American Airlines said its passengers will be required to start wearing face masks on May 11, and in early May the carrier will also start distributing face masks to passengers alongside sanitizing wipes or gel “as supplies and conditions allow.” Masks are required for American flight attendants as of May 1.
Delta passengers will be required to wear face masks starting on May 4. The airline also said it will make masks and sanitizers available to customers at ticket counters, gates, and onboard airplanes when supplies are available. On April 27, Delta sent a memo to its employees (which it shared with AFAR) stating that effective April 28, all employees are required to wear masks or face coverings when unable to maintain at least six feet of distance between themselves and a coworker or customer. The carrier is providing masks and face coverings to its Delta employees, and the current requirement will remain in place through June 30, at which time the company said it will re-evaluate the policy.
Southwest passengers will have to start wearing masks on its flights beginning May 11, and the airline said that for those who forget their mask at home, one will be made available.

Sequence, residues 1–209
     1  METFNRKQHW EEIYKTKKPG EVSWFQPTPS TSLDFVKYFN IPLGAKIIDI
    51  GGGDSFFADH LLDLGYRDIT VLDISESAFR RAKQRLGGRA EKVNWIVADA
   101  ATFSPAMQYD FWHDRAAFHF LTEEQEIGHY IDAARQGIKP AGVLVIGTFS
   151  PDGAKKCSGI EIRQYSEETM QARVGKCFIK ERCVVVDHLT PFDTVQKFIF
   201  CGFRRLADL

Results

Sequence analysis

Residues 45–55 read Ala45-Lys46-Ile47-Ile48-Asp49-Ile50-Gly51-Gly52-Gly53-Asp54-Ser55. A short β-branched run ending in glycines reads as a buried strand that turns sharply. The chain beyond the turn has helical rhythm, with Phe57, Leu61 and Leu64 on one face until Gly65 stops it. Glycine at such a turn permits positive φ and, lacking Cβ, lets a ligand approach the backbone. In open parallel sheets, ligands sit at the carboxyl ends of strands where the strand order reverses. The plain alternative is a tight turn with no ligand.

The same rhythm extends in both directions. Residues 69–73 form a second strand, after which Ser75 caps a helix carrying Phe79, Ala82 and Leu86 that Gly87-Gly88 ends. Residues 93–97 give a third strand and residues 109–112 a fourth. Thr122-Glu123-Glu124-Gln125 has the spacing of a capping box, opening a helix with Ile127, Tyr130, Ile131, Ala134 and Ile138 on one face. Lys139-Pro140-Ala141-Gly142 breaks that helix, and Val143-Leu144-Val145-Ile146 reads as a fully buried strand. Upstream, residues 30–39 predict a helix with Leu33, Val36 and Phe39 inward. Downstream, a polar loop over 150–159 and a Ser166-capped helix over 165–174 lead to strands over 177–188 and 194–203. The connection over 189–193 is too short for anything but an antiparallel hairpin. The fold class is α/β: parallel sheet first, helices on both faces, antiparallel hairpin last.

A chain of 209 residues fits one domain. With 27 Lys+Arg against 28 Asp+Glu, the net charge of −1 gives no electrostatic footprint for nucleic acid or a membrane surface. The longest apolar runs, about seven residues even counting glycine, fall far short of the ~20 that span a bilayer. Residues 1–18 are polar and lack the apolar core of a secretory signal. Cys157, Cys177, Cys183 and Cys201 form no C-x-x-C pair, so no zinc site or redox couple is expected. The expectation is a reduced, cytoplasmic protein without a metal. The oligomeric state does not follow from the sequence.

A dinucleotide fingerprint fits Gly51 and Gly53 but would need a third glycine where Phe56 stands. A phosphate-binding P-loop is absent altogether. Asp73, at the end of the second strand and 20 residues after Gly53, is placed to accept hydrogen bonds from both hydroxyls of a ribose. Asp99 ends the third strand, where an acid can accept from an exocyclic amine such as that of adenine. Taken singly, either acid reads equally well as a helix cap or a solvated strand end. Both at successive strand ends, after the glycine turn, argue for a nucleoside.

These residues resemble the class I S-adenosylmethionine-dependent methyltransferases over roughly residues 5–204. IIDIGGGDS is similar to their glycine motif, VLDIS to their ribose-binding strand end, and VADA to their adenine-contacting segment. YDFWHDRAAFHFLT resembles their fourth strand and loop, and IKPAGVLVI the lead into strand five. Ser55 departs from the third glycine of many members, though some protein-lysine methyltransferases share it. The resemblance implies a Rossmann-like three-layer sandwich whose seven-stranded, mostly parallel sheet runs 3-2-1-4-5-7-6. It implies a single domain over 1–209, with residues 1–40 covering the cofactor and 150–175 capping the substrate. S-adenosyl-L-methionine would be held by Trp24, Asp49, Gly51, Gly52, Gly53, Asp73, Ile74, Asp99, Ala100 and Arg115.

Many of the airlines also reminded customers that mask requirements can vary at each airport and in each destination, so fliers should make sure they are up to date on the latest policies in the destinations and hubs they are flying out of and in to.
Masks are not meant to replace social distancing and public health measures that have been put in place to mitigate the spread of COVID-19—they are meant to be an added line of defense, according to the CDC. Thus, airlines have also been instituting other safety measures onboard as well.
In addition to enhanced sanitation and cleaning measures the airlines have implemented, some have ensured that they will space out passengers onboard, too.
On April 13, Delta began blocking the middle seats in its main cabins and in Comfort+ and Delta Premium Select seats on all flights, a policy it currently has in place through June 30. Customers who prefer to be seated directly next to travel companions and family members can contact the reservations department. The airline said it is also reducing the number of customers on each flight but didn’t provide specifics. Passengers are being boarded 10 at a time to give them added space as they board.
As of the end of April, United customers were no longer able to select seats next to each other or the middle seats on aircraft to promote social distancing onboard. The airline is also alternating window and aisle seats when seats are in pairs. Similar to Delta, United is boarding fewer customers at a time as well.
Other carriers have said they will space passengers out on flights, including Southwest and JetBlue.
This article originally appeared on April 29, 2020, and has been updated to include current information.